Customer Reviews: The Exercise Myth
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4.1 out of 5 stars
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on January 24, 2009
The main point of the book, using many referenced studies, is that just because you are fit does not mean that you are healthy. When I read that I immediately thought of Jim Fixx, who died at age 52 of a massive heart attack in 1984 (according to Wikipedia). That is the same year that this book was published. The author pointed out that Jim Fixx was a proponent of running. He quotes him as saying that runners typically believe that more running is the answer to medical problems rather than going to the doctor (page 102). Evidently Mr. Fixx died after the manuscript went to press. That was ironic.

The author shows, for example, that marathon runners do not have an immunity to atherosclerosis (see page 112). He sites Dr. Virmani, who studied marathoner autopsies, and says that he "found that severe coronary atherosclerosis is the most common cause of death in marathon runners".

The author does recommend, for those who want to achieve a degree of fitness, a daily regime of a one-mile walk at 3 MPH twice a day. Although he says it is only needed for those who want to do some exercising, or for those who are completely sedentary (there is a small risk of heart disease among those whose exercise consists only of going from one room to another).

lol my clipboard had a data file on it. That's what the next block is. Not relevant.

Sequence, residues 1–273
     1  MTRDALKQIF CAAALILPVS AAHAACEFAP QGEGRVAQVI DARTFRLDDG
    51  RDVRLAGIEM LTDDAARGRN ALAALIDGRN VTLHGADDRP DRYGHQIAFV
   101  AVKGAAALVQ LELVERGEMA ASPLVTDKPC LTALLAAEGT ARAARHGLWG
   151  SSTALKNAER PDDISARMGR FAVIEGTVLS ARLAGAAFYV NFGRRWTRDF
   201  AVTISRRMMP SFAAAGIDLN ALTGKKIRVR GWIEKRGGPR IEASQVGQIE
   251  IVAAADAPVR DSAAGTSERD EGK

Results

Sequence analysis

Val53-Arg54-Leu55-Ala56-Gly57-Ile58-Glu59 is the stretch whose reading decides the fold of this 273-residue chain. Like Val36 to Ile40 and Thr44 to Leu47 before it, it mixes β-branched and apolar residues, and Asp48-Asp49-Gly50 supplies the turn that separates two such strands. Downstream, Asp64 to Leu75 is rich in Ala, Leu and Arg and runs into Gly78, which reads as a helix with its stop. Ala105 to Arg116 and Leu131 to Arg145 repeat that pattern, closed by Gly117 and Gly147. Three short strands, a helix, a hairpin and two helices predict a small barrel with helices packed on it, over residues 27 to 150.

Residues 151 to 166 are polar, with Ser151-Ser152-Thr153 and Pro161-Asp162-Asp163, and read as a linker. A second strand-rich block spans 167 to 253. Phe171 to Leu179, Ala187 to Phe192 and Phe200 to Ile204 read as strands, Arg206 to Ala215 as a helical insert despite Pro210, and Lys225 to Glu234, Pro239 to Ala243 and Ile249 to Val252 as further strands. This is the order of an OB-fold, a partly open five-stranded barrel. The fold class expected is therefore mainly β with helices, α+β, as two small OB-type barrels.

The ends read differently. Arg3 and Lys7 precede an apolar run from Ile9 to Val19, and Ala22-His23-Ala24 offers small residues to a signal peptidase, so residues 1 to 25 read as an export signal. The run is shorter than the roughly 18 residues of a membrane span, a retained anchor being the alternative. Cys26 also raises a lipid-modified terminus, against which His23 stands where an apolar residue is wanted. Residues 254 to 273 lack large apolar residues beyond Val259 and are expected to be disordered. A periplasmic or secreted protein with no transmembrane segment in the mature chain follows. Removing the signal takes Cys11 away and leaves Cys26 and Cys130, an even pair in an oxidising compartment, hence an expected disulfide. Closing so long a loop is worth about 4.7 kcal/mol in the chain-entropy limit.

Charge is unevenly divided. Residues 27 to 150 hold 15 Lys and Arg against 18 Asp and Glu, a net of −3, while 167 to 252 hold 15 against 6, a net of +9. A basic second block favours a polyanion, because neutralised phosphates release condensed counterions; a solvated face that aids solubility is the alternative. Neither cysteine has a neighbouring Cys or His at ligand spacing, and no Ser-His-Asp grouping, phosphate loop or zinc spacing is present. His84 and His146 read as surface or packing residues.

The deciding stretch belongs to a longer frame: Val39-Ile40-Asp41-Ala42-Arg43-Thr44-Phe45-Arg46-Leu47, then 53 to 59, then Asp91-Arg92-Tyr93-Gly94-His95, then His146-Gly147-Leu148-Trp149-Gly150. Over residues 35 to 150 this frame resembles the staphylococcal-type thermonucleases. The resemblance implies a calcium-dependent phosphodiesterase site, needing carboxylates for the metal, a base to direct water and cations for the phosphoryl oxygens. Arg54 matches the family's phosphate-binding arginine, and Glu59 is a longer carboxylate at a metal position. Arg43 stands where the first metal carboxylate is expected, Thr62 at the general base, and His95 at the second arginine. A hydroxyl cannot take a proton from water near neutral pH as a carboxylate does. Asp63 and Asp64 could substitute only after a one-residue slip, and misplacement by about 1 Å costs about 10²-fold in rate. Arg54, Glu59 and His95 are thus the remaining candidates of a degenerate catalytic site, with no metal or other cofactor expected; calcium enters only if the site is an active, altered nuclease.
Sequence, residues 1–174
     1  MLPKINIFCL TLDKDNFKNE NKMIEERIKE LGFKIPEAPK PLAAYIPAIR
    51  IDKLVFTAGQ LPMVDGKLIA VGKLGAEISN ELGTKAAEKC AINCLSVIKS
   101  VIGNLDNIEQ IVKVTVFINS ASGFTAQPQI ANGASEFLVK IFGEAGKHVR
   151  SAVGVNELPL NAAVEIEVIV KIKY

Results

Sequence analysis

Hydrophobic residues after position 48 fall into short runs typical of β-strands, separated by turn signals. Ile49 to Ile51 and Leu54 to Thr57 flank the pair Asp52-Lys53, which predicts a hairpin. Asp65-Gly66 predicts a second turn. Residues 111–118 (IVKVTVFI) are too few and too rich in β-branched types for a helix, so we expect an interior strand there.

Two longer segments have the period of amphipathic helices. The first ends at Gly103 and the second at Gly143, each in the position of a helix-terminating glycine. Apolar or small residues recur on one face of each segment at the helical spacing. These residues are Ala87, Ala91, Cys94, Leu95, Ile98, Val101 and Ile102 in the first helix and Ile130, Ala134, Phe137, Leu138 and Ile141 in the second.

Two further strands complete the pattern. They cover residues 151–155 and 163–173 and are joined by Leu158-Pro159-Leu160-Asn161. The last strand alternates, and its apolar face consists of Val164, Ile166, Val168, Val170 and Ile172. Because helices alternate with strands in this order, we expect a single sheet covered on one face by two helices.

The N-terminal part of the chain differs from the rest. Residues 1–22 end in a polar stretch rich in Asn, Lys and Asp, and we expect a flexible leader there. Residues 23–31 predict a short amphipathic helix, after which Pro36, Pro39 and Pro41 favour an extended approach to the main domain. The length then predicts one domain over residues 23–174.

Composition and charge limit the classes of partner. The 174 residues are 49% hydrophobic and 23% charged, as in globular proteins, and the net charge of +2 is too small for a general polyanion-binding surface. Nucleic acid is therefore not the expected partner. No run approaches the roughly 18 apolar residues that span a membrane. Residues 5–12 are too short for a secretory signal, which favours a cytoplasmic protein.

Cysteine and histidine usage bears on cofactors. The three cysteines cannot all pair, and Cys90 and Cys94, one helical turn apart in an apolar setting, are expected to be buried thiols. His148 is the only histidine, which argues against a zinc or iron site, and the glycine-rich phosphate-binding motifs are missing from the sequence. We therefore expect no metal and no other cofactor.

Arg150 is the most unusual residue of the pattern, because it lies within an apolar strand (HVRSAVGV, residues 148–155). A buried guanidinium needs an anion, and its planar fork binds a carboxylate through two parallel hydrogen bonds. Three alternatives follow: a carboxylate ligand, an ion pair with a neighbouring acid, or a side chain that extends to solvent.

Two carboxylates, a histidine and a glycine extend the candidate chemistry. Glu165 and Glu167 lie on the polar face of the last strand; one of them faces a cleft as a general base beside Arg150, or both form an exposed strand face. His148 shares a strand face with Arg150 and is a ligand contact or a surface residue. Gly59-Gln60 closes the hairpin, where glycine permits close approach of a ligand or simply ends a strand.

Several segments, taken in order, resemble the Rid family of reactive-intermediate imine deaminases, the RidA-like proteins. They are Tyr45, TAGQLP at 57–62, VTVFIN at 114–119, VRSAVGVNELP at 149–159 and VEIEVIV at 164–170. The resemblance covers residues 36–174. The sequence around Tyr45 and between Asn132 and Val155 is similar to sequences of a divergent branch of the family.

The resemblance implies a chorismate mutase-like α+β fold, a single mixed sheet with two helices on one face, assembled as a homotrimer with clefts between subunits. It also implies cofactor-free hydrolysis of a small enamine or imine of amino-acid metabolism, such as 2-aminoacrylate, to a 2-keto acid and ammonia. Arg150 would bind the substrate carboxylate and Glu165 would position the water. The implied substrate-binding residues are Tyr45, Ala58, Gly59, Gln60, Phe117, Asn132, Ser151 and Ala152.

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on May 15, 2013
This is an excellent work that is timely even these days (2013), since the misconceptions about running's health benefits persist nearly 30 years after the book was written. The author, a cardiologist, does a pretty good job dispelling the myth that you can gain health by strenuous aerobic exercise. The prevailing thought (by the general public, particularly the running community) during the 70's, 80's, and 90's, was that such exercise was a prophylactic against cardiac diseases, and would even enable you to live much longer. It is now apparent (as it was to the author in 1984) that such is not the case; cardiac and general health is many times very adversely affected by aerobic training, especially as done by the highly-competitive distance runner, piling on the miles, fighting through the pain, overtraining, joint ailments, chronic fatigue; the signals from the overused body warring with the 'runner's high' effect (or other gratifications) achieved by many runners.

The book's main thesis is the difference between health and fitness: the difference between healthy blood lipids, nonplaqued artery walls, and low stress-marker levels (e.g., hsCRP), versus fitness measures such as VOmax and good race times. The author demonstrates that these seem to be rather independent quantities. You frequently have someone who is very healthy, with virtually no chance of getting cardiovascular disease (for whatever reason, lifestyle or genetics), who is not capable of running a marathon (they haven't trained for), and then you can have a world-class marathoner whose arteries are very clogged with plaque, and whose joints are worn out. This is opposite to the street wisdom that has been promulgated, that a lot of running conferred clean arteries, a healthy heart, and near-immortality, if you just put in the miles.